Last month, Fox was quizzed again. This time by Allison Pearson of the Telegraph. Her take, which also appeared on a Saturday, was more light-hearted and more sympathetic – Pearson has been a strident voice against lockdown – but generally unexceptionable.
On the same day, the Guardian ran a piece about 23-year-old Niko Omilana, a prankster with 3.4m YouTube followers who said he was standing as a joke. Neither Fox nor Omilana had a hope of winning, but both had hopes of publicity. And the Telegraph and Guardian obliged.
Throughout the campaign, the nationals naturally focused on the Labour incumbent Sadiq Khan and his Tory rival Shaun Bailey. When it came to the fringe candidates, we’d seen Count Binface before, so you can’t blame the Telegraph and Guardian for going for the two most famous also-rans in a field of 20. But it feels uncomfortable when the LibDems and Greens didn’t get a look in anywhere.
The problem was not in giving a platform to two men who had neither the desire nor hope of winning, but in doing so on the Saturday before polling day.
It feels uncomfortable when the LibDems and Greens didn’t get a look in anywhere.
The Queen’s Speech: asking the right questions
Congratulations to the Daily Mail for taking the Government to task over the absence from the Queen’s Speech of any social care reform.
Too many journalists – print and broadcast – are spending too much time taking dictation from our rulers and too little time challenging, or at least questioning, them.
There is an argument that with an 80-odd majority, nothing can stop the Government doing what it wants and so it is a reader service to spell out exactly what it’s planning. That seems to have been what happened yesterday at the Times (university cancel culture) and Telegraph (social media). The Times splash had a sentence of criticism from the universities; the Telegraph no word of dissent and a separate column from the minister involved.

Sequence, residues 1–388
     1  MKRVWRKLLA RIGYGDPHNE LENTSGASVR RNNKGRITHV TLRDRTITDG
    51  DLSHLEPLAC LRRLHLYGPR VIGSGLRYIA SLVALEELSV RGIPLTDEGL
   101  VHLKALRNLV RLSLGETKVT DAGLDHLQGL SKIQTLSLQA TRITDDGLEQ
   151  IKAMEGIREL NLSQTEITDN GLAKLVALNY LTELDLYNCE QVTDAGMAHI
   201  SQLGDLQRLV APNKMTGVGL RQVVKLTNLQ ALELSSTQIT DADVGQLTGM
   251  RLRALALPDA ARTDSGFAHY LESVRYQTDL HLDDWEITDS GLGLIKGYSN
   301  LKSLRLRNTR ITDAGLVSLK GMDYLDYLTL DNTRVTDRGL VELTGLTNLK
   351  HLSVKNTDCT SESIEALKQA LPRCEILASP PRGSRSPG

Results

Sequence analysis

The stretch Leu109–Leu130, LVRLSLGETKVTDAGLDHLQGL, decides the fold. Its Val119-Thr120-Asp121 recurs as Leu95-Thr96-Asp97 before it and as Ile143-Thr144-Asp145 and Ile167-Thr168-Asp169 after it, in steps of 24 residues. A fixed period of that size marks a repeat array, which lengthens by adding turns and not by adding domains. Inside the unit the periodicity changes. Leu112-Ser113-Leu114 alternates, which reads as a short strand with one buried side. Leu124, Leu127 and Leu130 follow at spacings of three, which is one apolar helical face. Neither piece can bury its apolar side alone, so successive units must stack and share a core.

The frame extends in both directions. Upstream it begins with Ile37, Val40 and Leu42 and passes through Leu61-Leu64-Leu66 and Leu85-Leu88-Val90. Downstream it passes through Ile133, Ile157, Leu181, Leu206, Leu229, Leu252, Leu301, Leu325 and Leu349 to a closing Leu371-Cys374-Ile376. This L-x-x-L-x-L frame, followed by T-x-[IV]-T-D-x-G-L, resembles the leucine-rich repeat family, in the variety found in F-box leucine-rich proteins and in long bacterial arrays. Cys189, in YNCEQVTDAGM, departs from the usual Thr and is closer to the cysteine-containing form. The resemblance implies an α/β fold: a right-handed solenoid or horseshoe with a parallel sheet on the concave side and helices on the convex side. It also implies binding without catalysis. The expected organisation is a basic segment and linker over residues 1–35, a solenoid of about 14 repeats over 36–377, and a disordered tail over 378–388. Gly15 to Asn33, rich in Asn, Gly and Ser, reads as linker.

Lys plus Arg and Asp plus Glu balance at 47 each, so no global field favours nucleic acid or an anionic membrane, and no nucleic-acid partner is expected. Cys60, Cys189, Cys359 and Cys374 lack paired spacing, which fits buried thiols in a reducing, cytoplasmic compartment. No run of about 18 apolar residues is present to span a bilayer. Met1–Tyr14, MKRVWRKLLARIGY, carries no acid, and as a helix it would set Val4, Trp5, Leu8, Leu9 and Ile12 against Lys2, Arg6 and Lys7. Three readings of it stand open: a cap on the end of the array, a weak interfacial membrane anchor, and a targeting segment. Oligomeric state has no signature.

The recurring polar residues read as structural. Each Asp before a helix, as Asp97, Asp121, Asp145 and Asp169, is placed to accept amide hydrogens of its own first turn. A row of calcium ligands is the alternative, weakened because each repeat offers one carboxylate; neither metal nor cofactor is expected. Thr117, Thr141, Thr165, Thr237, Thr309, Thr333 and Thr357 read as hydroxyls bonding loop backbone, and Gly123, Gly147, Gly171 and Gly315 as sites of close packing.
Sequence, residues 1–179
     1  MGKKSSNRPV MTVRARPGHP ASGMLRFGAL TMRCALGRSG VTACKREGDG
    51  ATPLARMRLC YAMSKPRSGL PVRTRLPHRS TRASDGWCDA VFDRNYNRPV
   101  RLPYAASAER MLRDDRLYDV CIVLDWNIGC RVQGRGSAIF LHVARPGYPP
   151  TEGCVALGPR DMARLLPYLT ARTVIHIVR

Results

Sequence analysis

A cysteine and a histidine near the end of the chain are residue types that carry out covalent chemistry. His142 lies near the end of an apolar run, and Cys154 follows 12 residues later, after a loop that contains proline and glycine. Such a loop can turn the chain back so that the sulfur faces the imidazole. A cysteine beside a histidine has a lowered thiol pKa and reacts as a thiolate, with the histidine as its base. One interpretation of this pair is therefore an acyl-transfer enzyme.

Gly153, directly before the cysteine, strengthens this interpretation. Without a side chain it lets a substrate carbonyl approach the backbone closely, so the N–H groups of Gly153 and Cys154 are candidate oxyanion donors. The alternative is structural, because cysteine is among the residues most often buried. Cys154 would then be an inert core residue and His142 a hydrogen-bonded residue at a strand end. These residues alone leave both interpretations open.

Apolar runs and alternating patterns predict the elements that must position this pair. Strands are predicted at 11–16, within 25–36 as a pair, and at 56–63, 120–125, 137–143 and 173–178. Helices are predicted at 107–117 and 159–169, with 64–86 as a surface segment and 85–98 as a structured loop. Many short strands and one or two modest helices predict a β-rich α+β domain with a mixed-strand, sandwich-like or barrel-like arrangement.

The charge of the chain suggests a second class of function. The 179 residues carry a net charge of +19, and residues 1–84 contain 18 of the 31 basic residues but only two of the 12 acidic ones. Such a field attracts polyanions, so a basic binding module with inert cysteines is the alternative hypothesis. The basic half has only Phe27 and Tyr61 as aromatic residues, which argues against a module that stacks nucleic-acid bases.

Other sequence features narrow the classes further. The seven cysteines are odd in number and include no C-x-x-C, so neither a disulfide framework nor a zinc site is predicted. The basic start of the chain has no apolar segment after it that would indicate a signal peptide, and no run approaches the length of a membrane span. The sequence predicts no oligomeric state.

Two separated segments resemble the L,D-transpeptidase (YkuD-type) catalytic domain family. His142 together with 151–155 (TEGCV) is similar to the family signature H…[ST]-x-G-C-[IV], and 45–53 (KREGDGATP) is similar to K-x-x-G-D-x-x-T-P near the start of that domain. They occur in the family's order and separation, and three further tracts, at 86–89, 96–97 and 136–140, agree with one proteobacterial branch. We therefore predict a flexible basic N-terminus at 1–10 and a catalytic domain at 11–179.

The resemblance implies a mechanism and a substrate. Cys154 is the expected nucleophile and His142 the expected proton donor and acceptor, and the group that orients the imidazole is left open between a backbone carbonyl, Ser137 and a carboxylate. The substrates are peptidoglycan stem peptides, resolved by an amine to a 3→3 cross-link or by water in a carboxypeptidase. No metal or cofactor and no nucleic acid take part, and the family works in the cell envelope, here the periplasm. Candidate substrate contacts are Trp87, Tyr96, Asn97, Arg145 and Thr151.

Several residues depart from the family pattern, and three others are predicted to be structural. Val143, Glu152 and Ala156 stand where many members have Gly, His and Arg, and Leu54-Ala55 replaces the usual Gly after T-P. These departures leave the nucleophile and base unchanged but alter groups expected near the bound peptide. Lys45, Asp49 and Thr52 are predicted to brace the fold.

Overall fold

The Express ran true to form, promising that everything would be wonderful under Boris, while the Guardian was equally predictably hostile, raising concerns about plans to require ID from voters. And so it was the Mail that deserved plaudits for setting party loyalty aside and putting its readers’ interests first (albeit with a bit of self-aggrandisement in the process).
Too many journalists are spending too much time taking dictation from our rulers and too little time challenging them.
Happy 200th birthday to the Grauniad, which has been celebrating with tributes from men and women in high places and a “200 years, 200 pieces” online reminder of what it modestly describes as its “most memorable journalism of all time”. These are ranged under 14 headings and so far we’ve had investigations, environment, women, international and injustice. Today sport gets its turn.
For lightweights like me, the Guardian’s most memorable effort was the San Serriffe supplement of April 1, 1977 – which to my mind pips Panorama’s spaghetti harvest from 20 years earlier as the best April fool of all time – and I do hope they reproduce it. I suspect, however, that it is more proud of its coverage of the abolition of slavery and the Windrush scandal.
Still, it’s not all po-faced do-goodery – in print at least. On Monday, Rupert Neate documented the rudest things people had said about the paper, and yesterday brought a feature by Elisabeth Ribbans on the typos that earned the paper its nickname. They included this priceless correction from 2007: “We misspelled the word misspelled twice, as mispelled, in the Corrections and clarifications column on September 26.”
At least it managed not to render her byline Elizabeth Ribbons.
For lightweights like me, the Guardian’s most memorable effort was the San Serriffe supplement of April 1, 1977.